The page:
Semantic HTML offers SEO advantages like structuring text with headings, positioning relevant images beside corresponding text, employing table tags for data tabulation, and using anchor links over JavaScript-based links. Mueller further explained that Google’s algorithms are more concerned with clear structure and relationships between elements than the specifics of similar elements.

On the accessibility front, semantic HTML proves to be a game-changer. It assists screen reader software in interpreting web content for visually impaired users, ensures keyboard navigability, enhances the usability of assistive technologies, and promotes responsive web design for various devices. Its adherence to web standards also future-proofs content.

Mueller concludes with a powerful message to website owners, urging them to use semantic HTML. “Please use semantic HTML. It’s not a ranking factor, but it can help our systems to understand your content better.” The clear take-away here is that while semantic HTML might not directly improve your site’s ranking, its importance in offering an inclusive web experience can’t be understated.

6. Adapting to Change: Google Phasing Out Sitemaps Ping Endpoint – Google has announced plans to end support for the Sitemaps ping endpoint by the close of this year. The decision means HTTP ping requests will result in a 404 error. So submitting your Sitemap using an HTTP request such as /ping?sitemap=sitemap_url will no longer work.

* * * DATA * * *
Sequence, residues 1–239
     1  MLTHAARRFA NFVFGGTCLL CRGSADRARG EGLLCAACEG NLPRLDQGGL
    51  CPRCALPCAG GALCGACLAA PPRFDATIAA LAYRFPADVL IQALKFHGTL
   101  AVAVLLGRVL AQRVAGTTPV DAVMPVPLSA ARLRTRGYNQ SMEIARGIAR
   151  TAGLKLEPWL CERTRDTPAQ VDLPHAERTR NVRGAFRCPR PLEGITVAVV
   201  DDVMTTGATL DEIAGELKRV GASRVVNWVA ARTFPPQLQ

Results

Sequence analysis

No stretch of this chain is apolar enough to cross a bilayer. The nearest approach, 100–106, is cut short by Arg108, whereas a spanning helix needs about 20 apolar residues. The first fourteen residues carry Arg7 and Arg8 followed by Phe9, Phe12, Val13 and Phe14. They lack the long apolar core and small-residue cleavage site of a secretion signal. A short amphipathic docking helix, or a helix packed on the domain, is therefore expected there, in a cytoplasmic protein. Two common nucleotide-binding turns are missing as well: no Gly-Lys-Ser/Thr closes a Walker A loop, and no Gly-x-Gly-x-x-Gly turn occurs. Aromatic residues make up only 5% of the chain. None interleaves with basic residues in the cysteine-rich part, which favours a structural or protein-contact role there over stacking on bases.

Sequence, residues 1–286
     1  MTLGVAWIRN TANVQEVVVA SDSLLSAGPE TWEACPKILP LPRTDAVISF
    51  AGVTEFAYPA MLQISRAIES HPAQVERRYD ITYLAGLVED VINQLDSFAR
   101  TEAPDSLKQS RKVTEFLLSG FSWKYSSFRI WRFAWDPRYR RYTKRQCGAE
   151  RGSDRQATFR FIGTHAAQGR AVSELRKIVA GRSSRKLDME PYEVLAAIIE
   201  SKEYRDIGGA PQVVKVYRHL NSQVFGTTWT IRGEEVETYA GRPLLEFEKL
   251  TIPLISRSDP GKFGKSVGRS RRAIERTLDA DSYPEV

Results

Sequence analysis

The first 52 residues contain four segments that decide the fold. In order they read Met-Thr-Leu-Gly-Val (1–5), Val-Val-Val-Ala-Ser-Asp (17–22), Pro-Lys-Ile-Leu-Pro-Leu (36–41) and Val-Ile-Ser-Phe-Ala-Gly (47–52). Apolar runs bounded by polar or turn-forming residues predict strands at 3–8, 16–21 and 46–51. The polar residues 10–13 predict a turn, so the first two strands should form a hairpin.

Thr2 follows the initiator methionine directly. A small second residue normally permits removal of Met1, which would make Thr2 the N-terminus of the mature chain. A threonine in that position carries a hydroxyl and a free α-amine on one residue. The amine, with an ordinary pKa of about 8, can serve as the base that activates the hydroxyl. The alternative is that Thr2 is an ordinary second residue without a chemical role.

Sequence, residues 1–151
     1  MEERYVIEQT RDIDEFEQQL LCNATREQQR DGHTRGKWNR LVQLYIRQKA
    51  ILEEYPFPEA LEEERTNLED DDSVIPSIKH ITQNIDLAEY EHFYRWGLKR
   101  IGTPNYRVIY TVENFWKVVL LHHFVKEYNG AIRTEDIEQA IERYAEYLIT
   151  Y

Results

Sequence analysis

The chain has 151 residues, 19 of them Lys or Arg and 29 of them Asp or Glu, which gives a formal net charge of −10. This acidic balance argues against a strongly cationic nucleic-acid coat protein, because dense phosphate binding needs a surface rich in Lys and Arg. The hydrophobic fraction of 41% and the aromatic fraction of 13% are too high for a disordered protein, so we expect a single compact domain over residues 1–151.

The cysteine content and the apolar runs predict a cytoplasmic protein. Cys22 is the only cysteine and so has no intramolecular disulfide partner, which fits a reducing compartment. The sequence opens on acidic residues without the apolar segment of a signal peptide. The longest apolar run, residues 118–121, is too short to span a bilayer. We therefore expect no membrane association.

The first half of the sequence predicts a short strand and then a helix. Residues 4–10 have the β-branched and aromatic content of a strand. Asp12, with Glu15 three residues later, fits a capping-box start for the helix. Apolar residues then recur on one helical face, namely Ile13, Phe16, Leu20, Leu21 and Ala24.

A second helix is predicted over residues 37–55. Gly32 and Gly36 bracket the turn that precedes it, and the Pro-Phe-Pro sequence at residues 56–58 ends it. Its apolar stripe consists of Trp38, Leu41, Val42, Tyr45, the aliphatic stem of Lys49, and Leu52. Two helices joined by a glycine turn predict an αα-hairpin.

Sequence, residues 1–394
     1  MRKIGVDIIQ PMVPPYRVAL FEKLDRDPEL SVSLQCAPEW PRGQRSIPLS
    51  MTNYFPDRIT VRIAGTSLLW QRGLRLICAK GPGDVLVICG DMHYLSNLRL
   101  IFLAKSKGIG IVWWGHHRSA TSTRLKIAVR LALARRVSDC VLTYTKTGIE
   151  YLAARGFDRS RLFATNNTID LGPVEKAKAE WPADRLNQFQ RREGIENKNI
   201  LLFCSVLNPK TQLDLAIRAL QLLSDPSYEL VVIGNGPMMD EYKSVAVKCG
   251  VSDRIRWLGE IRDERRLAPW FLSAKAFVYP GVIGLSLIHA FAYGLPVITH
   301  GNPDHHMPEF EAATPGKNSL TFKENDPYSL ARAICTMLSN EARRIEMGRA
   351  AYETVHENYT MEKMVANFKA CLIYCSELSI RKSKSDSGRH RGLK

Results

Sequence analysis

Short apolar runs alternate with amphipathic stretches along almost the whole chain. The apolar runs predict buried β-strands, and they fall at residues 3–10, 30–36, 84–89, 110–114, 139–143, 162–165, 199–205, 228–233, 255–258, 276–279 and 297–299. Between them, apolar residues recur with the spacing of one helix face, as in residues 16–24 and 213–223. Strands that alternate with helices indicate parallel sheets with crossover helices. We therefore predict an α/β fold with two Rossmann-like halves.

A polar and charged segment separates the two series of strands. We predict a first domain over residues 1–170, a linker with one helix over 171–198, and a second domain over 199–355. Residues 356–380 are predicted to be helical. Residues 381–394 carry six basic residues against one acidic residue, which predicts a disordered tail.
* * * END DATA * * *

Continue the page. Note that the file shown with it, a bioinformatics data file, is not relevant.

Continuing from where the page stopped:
The Sitemap protocol defined an unauthenticated REST method for submitting sitemaps to search engines, offering a way of notifying search engines whenever a sitemap was updated. However, Google found, through internal studies and comparisons with other search engines like Bing, that these unauthenticated sitemap submissions have become largely unproductive, with most leading to spam.

Despite this change, sitemaps can still be submitted through Google Search Console and your robots.txt files. Google further recommends using the lastmod element in your sitemap file, ensuring it reflects the actual change date of the page. For example, if your content management system (CMS) changes a minor piece of text in the sidebar or footer, there’s no need to update the lastmod value. However, if there are significant changes to the primary text, structured data, or links, updating the lastmod value is advised.